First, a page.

around 9:30 in the evening, while David, Francisco, and their friend, Aida Unos were walking on the
street, Nazareno and Saliendra blocked their path.
Nazareno boxed Francisco who fled but Saliendra
went after him with a balisong.
Francisco, who succeeded in hiding saw Nazareno hit David on the body
with a stick while Saliendra struck Davids head with a stone.
David ran towards a gasoline station but
Nazareno and Saliendra, aided by some barangay tanods, caught up with him.
As David fell, the
barangay tanods took over the assault.
This took place as Magallanes stood about five meters across
the highway unable to help his friend.
Afterwards, Unos brought David to the hospital.
Dr. Rebosa
performed surgery on Davids head but he died on November 14, 1993 of massive intra-cranial
hemorrhage secondary to depressed fracture on his right temporal bone
in a form of blunt trauma.

On November 12, 1993 after Davids relatives reported the killing to the police, SPO1 Sinag investigated
the case and took Unoss statement.
On November 15, accompanied by SPO1 Bustamante and two
other police officers, SPO1 Sinag went to the UST Hospital and took a look at Davids body, noting the
wounds on his forehead.
Subsequently, the officers went to the crime scene but found no witness
In his defense, accused Nazareno claimed that he left his house at around 9:30 in the evening on
November 11, 1993 to buy milk. While on a street near his house, he noted a commotion taking place
nearby. He then bumped into Saliendra. Nazareno proceeded home and went to bed.
His wife Isabel
supported his testimony, claiming that she asked her husband on that night to buy milk for their
children. When Nazareno returned home, he informed her of the commotion outside and how someone
bumped into him.

Unos testified that she saw Saliendra chasing David as the latter hang on the rear of a running jeepney.
She claimed that she did not see Nazareno around the place.

On March 9, 2004, the RTC found Nazareno guilty beyond reasonable doubt of murder, qualified by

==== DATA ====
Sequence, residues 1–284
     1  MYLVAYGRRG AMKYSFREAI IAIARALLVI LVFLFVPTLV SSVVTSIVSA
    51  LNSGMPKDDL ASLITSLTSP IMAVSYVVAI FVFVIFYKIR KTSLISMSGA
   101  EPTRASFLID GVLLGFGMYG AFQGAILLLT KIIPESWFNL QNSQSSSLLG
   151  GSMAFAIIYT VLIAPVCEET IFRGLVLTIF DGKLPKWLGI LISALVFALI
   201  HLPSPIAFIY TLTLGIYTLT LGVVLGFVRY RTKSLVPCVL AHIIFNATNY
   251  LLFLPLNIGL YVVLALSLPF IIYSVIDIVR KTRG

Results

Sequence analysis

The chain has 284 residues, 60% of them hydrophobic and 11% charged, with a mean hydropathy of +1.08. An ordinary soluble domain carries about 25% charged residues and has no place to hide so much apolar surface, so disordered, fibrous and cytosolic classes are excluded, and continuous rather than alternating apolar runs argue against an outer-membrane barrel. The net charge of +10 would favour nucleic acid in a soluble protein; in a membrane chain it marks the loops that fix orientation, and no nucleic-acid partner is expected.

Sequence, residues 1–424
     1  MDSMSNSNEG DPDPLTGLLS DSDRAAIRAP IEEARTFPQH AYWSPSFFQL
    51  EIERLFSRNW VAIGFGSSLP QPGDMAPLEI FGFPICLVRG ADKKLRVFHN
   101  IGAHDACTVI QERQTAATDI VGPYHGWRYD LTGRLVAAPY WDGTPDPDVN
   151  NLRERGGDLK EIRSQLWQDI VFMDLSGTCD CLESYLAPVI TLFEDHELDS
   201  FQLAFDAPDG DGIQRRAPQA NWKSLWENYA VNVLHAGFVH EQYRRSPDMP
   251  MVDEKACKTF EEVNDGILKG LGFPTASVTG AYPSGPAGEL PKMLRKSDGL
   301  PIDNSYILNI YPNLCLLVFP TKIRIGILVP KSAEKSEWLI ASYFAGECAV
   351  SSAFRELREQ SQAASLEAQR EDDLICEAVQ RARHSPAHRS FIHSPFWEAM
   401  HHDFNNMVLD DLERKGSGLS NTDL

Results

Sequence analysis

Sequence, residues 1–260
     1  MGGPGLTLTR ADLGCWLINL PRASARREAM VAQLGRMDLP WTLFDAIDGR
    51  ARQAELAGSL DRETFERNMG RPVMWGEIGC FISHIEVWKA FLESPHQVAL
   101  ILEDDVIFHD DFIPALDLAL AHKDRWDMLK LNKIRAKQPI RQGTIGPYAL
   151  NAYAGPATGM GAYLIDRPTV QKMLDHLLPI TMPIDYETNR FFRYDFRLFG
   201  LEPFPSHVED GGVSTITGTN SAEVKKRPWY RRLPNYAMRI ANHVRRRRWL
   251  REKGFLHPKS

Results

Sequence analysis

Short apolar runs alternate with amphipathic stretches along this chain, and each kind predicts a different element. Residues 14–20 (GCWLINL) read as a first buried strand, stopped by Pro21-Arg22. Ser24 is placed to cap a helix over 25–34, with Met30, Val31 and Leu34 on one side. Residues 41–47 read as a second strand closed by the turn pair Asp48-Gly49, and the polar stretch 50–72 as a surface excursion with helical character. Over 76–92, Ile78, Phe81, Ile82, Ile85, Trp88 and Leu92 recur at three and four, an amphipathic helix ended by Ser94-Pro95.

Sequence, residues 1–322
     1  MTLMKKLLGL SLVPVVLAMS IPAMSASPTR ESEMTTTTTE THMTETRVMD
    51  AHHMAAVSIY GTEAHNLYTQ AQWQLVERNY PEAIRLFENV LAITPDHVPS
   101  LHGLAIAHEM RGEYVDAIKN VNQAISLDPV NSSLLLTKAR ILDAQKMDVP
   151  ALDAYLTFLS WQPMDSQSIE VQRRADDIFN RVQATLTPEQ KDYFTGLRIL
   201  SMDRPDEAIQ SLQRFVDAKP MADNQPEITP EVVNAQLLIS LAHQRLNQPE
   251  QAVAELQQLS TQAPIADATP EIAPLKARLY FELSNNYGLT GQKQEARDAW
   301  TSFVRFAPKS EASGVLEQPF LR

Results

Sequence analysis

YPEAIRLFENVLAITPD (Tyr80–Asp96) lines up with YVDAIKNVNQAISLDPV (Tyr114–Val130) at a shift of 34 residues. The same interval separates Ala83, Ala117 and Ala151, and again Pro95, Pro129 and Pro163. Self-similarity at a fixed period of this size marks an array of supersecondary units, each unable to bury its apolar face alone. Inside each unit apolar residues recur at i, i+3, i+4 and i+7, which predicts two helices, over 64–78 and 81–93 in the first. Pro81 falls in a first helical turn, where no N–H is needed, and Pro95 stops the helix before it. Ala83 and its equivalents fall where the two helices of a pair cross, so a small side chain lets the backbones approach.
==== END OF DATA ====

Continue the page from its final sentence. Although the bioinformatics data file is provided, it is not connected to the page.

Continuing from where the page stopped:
abuse of superior strength and aggravated by treachery. The RTC sentenced Nazareno to suffer the
penalty of reclusion perpetua and ordered him to pay P141,670.25 as actual damages, P50,000.00 as
civil indemnity, and P50,000.00 as moral damages, without any subsidiary imprisonment.

On appeal, the Court of Appeals (CA) affirmed with modification the decision of the RTC.
Finding no
treachery, it convicted Nazareno of murder qualified by abuse of superior strength, hence, this appeal.
The issues in this case are:
1. Whether or not Nazareno took part in a conspiracy to kill David;
2. Whether or not a qualifying circumstance of abuse of superior strength attended the killing of
The Courts Ruling
One. As a rule, the factual findings of the trial court are, except for compelling or exceptional reasons,
conclusive to the Court especially when fully supported by evidence and affirmed by the CA.
Here, no
sound reason exists to alter the findings of the RTC and the CA with respect to the facts they deemed to
have been proved and the credibility of the witnesses.

There is conspiracy when two or more persons come to an agreement concerning the commission of a
felony and decide to commit it.
Actions indicating close personal association and shared sentiment
among the accused can prove its presence.
Proof that the perpetrators met beforehand and decided
to commit the crime is not necessary as long as their acts manifest a common design and oneness of
Here, both the RTC and the CA found conspiracy in attendance. Magallanes and Francisco testified that
accused Nazareno and Saliendra purposely waited for David and his companions out on the street as
they came out of the wake. The witnesses testified that each of Nazareno and Saliendra took concerted
steps aimed at killing or causing serious harm to David. Nazareno repeatedly struck David on the area of
his neck with a stick; Saliendra hurled a fist-sized stone on his head. Even when David tried to flee, they
still chased him and together with other barangay tanods, beat him to unconsciousness. Although
Magallanes testified that Saliendra and Nazareno acted "quite differently" from each other before the
their actions before and during the incident reveal a common purpose.
Saliendra appears to
have delivered the fatal blow but Nazareno cannot escape liability because, in conspiracy, the act of one
is the act of all.

Magallanes and Francisco saw the commission of the offense from different angles but the core of their